Cape Town might not be the ideal place to go for a nice tropical ocean swim, but it sure is a hikers paradise.
The city resembles a grand arena backdropped and mantled by 3 main mountains, each hosting a wide variety of hiking routes and unique panoramic views of the landscape.
Much like how I revitalized by relaxation on the beaches of Rio de Janeiro after a heavy night out in Brazil, here I purified myself of nightlife’s poisonous residue through elevation.
While Table Mountain is the largest and most prominent, Lion's head is the somewhat more relaxed and romantic alternative. Devil's Peak on the other hand has a bit of "mystery" surrounding its name and is known for its windy conditions.
I’ve now hiked up each mountain at least once and these are my impressions and suggestions.
Lion's head is the smallest of the three mountains, and probably the most hiked for just that reason. Its summit also offers one of the best and most varied views of the city.
This is especially true at dusk, when you see the sun setting in the South Atlantic Ocean on the one side, and its illuminations reflecting off Table Mountain’s chest on the other.
And if you stay long enough, you will see the city light up as it fades into its nocturnal state:
My suggestion: dress in layers for the winter months, bring a bottle of bubbly, some snacks, and don’t forget a headlamp for the post-sunset hike down.
The first time I went up Table Mountain was after a solid night of drinking, so I decided to take the cable car up. Unfortunately I wasn’t informed of its revolving floor, and ended up focusing more on holding down my breakfast rather than enjoying the scenic ascend.
“Luckily” my companion was also part of the previous night’s adventures and we took comfort in one another’s squeamish expressions.
Once at the top, the fresh air and scenery replenished our “joie de vivre”, and we started frantically capturing the experience.
The second time I went up Table Mountain was via Platteklip Gorge, the shorter route, and runner up of Skeleton Gorge.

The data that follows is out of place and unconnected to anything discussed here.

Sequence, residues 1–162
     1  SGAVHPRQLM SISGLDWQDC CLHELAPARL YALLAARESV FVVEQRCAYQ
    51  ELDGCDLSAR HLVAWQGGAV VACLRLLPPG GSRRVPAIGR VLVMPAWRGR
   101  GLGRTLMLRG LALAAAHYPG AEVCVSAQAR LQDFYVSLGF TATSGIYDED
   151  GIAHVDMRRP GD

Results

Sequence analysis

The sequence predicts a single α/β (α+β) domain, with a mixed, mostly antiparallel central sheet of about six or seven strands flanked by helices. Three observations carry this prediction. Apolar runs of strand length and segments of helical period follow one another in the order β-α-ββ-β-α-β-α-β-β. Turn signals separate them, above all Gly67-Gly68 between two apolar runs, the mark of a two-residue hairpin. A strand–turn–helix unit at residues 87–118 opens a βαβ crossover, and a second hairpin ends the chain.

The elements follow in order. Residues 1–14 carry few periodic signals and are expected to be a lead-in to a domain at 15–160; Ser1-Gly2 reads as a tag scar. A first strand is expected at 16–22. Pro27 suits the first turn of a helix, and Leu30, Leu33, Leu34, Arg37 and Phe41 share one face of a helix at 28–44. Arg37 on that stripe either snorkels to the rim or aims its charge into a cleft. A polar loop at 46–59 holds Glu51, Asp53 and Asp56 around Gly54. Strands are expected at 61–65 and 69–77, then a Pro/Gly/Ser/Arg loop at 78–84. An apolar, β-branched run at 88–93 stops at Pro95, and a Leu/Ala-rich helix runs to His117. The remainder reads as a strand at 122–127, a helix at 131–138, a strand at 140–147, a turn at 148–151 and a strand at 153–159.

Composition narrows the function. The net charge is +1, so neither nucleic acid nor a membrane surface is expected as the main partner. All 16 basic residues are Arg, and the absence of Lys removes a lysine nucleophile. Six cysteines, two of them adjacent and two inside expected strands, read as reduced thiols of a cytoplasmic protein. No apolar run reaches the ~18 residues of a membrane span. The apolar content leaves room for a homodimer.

At the end of Platteklip Gorge, you have the choice to go left towards Maclear’s Beacon (Table Mountain's highest point), or go right and wander around the main plateau.
I suggest visiting Maclear's Beacon first, and then returning the other way to eventually take the cable car down.
While you don’t have to be highly athletic for this hike, people still regularly forget the importance of proper hydration during such exercise. And as cool as it may seem, you don’t want to front the bill for a mid-hike helicopter intervention.
While it can be done in 45 minutes, set aside ±2 hours for your hike up, allowing everybody in your group to find their own pace.
Bring plenty of water, some fructose snacks and capable hiking shoes, especially if it rained the day before.
Also don’t underestimate the cold during winter months, you want to enjoy the view in comfort and not be eager to immediately get back down and warm up.
Going down is just bad for the knees, so I suggest doing so by cable car which usually runs till 17:30/21:30 depending on the season and weather.
I thoroughly enjoyed hiking up Devil’s Peak with my trusted hiking partner Nadia. We chose the Saddle route, as it follows a beautiful, and at times refreshing little stream for most of the hike.
While the hike is slightly less challenging than Table Mountain’s Platteklip, it is often underestimated. This is mainly due to its deceptively slow and relatively comfortable beginning, which then suddenly becomes a continuously steep hike till the very top.
At a solid pace, the hike took me about an hour with a picture break here and there. The peak can get pretty windy, so dress warm, and don’t underestimate the slipperiness of the path along the stream.
Looking to plan a hiking trip in Cape Town, but have limited time? I suggest exploring Lion’s head for sunset, set aside a full sunny afternoon for Table Mountain via Skeleton Gorge, and if time permits, quickly head up Devil’s Peak.
For a more detailed review on the different routes and hikes check out the following link: